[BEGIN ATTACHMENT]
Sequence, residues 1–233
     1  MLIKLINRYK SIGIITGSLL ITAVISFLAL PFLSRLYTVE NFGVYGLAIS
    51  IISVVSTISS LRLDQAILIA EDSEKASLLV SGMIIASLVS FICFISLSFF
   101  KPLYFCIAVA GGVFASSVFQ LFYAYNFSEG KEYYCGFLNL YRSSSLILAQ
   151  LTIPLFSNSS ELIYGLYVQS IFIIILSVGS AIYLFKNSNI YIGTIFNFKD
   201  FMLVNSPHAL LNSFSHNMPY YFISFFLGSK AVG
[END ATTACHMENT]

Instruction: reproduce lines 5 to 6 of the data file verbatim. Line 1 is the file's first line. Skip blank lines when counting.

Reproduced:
   151  LTIPLFSNSS ELIYGLYVQS IFIIILSVGS AIYLFKNSNI YIGTIFNFKD
   201  FMLVNSPHAL LNSFSHNMPY YFISFFLGSK AVG